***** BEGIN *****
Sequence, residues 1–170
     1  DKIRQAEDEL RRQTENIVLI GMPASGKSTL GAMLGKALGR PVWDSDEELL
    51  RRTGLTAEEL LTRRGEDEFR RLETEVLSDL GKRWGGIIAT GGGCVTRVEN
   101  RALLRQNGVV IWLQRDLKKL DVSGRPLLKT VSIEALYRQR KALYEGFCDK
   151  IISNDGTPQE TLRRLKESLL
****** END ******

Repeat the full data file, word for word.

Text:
Sequence, residues 1–170
     1  DKIRQAEDEL RRQTENIVLI GMPASGKSTL GAMLGKALGR PVWDSDEELL
    51  RRTGLTAEEL LTRRGEDEFR RLETEVLSDL GKRWGGIIAT GGGCVTRVEN
   101  RALLRQNGVV IWLQRDLKKL DVSGRPLLKT VSIEALYRQR KALYEGFCDK
   151  IISNDGTPQE TLRRLKESLL